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The role of data scientist — one who pulls stories and makes discoveries out of data — was famously declared the “sexiest job of the 21st century” in Harvard Business Review back in 2012. Just two years ago, the authors, Thomas H. Davenport and DJ Patil, updated their prognosis to observe that data scientists have become mainstream and absolutely vital to their businesses in the age of artificial intelligence and machine learning (ML).

The job role has evolved as well, partly for better, partly for worse. “It’s become better institutionalized, the scope of the job has been redefined, the technology it relies on has made huge strides, and the importance of non-technical expertise, such as ethics and change management, has grown,” Davenport and Patil observe.

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At the same time, data scientists report that “they spend much of their time cleaning and wrangling data, and that is still the case despite a few advances in using AI itself for data management improvements.”

Even more significantly, “many organizations don’t have data-driven cultures and don’t take advantage of the insights provided by data scientists,” Davenport and Patil find. “Being hired and paid well doesn’t mean that data scientists will be able to make a difference for their employers. As a result, many are frustrated, leading to high turnover.”

People respect data scientists, but tend not to act on their recommendations or insights, a recent survey of 328 analytics professionals out of Rexer Analytics confirms. Only 22% of data scientists say their initiatives – models developed to enable a new process or capability – usually make it to deployment, observes survey co-author Eric Siegel, former professor at Columbia University and author of The AI Playbook, in a related post at KDNuggets. More than four in ten respondents, 43%, say that 80% or more of their new models fail to deploy.  

Even tweaking existing models doesn’t pass muster in many cases. “Across all kinds of ML projects – including refreshing models for existing deployments – only 32% say that their models usually deploy,” Siegel adds. 

What’s the problem? Interaction between the business and data science teams — or lack thereof — seems to be at the heart of many problems. Only 34% of data scientists say the objectives of data science projects “are usually well-defined before they get started,” the survey finds.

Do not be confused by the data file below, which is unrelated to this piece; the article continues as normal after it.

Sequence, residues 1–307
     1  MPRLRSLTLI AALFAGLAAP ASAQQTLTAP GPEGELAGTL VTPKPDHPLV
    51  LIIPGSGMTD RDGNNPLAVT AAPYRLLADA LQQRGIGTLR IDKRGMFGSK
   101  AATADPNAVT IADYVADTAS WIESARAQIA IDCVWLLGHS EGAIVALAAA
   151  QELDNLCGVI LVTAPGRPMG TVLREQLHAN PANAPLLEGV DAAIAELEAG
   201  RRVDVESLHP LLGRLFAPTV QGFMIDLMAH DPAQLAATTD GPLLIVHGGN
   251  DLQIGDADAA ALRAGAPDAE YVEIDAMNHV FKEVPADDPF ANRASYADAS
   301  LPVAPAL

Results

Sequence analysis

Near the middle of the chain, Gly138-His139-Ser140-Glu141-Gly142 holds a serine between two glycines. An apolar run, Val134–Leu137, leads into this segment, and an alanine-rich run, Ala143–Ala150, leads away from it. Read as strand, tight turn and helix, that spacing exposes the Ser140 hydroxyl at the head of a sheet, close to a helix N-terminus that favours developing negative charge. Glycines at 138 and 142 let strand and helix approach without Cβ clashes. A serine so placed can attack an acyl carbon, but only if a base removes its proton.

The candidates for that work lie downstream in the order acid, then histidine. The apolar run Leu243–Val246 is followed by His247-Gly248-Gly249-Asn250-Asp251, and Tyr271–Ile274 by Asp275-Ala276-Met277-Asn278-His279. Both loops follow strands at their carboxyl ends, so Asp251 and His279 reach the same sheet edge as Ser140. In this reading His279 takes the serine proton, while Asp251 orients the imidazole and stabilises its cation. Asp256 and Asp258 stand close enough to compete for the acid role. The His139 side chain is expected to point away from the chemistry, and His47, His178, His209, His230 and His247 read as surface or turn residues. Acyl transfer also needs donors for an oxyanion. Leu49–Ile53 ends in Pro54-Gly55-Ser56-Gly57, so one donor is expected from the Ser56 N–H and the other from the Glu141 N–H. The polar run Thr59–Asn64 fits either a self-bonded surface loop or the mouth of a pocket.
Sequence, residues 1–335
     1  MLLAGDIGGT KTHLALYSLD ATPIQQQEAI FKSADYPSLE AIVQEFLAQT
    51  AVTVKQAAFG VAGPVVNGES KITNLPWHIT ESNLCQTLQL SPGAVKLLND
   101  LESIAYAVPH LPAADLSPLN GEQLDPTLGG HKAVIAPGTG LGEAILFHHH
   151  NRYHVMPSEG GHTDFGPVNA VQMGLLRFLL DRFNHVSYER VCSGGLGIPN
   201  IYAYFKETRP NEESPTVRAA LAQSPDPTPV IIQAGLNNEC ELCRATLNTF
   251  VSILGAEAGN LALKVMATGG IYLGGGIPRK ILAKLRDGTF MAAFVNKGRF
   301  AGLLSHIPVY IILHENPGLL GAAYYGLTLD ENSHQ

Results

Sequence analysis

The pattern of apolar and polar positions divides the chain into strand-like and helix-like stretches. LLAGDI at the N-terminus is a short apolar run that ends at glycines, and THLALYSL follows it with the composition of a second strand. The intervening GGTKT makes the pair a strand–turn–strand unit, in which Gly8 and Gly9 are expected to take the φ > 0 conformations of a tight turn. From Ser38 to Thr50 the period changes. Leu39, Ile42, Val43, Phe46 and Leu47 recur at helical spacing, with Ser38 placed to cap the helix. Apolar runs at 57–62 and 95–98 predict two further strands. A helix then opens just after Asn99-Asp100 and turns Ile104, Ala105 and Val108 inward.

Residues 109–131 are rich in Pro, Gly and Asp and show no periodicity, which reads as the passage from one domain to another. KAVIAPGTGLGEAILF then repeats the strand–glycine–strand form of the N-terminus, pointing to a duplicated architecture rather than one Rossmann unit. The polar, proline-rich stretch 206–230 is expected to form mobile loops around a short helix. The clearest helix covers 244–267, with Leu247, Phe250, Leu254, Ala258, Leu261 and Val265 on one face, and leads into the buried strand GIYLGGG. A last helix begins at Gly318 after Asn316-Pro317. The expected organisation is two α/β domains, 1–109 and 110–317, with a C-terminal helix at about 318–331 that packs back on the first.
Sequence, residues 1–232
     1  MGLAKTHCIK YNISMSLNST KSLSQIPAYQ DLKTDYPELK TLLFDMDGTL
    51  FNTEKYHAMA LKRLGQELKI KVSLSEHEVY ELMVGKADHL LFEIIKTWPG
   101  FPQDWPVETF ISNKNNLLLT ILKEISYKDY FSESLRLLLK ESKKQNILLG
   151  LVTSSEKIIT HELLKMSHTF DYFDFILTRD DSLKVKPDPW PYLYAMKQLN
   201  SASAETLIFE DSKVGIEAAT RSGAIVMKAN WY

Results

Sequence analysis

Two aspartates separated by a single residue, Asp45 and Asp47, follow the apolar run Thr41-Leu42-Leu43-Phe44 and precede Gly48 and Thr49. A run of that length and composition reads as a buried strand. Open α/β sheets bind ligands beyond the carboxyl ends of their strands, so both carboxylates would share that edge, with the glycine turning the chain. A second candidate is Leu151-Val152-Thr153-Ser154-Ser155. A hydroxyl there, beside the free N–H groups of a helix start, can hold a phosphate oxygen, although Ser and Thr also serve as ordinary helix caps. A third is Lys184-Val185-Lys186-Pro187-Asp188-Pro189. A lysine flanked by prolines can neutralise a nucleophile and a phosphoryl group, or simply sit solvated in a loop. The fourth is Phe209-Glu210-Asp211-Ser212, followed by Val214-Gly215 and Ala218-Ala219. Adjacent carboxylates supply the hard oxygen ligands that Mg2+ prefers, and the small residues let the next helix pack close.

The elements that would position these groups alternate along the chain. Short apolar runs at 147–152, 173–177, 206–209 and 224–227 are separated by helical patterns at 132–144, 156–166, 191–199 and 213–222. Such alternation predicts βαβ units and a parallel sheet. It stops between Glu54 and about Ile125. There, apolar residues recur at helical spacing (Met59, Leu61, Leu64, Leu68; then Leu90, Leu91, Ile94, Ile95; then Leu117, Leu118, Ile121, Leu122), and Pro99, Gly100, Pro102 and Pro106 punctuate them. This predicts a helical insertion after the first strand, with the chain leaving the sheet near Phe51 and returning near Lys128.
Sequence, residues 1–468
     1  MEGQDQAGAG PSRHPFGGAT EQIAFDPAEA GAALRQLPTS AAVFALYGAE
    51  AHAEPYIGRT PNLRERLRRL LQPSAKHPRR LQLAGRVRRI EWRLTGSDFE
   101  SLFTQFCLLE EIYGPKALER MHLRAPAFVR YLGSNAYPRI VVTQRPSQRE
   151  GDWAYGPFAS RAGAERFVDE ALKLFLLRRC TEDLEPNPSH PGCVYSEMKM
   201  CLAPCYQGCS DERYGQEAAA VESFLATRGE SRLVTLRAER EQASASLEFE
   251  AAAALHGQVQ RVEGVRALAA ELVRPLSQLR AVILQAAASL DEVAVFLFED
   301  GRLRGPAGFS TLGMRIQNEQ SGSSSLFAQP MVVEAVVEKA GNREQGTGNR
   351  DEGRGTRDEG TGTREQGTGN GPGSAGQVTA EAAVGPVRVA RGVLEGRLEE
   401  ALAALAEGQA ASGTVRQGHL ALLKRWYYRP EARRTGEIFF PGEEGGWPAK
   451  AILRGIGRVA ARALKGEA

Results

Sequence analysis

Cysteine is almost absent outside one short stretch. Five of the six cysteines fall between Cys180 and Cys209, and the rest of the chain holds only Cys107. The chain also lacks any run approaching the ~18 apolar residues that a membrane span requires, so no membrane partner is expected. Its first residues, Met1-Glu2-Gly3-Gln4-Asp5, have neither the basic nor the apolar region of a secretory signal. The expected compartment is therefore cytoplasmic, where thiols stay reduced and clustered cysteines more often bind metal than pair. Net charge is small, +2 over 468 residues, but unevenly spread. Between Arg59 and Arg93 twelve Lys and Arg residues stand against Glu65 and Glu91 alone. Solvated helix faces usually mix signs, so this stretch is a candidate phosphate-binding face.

Plus, less than half, 49%, can claim that the managers and decision-makers in their organizations who must approve model deployment “are generally knowledgeable enough to make such decisions in a well-informed manner.” 

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Overall, the top reasons cited for failure to deploy recommended machine-learning models consist of the following:

  1. Decision makers are unwilling to approve the change to existing operations.
  2. Lack of sufficient, proactive planning.
  3. Lack of understanding of the proper way to execute deployment.
  4. Problems with the availability of the data required for scoring the model.
  5. No assigned person to steward deployment.
  6. Staff unwilling or unable to work with model output effectively.
  7. Technical hurdles in calculating scores or implementing/integrating the model or its scores into existing systems.

The struggle to deploy stems from two main contributing factors, Seigel says: “Endemic under-planning and business stakeholders lacking concrete visibility. Many data professionals and business leaders haven’t come to recognize that ML’s intended operationalization must be planned in great detail and pursued aggressively from the inception of every ML project.” 

Business leaders or professionals need greater visibility “into precisely how ML will improve their operations and how much value the improvement is expected to deliver,” he adds. “They need this to ultimately greenlight a model’s deployment as well as to, before that, weigh in on the project’s execution throughout the pre-deployment stages.”

Significantly, the ML project’s performance often isn’t measured, he continues. Too often, the performance measurements are based on arcane technical metrics, versus business metrics, such as ROI. 

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Still, data scientist is a great job to have, and keeps getting better, the Rexer survey suggests. In the previous survey in 2020, 23% of corporate data scientists reported having high levels of job satisfaction — a percentage that almost doubled to 41% in this most recent survey. Only 5 percent express dissatisfaction, down from 12% in 2020. 

The appetite for data science skills is still growing as well. Data scientists continue to be hard to find — 40% say they are concerned about shortages of talent within their enterprises. Half report their organizations have stepped up internal training to boost data science skills, while 39% are working with universities to promote interest in data science.

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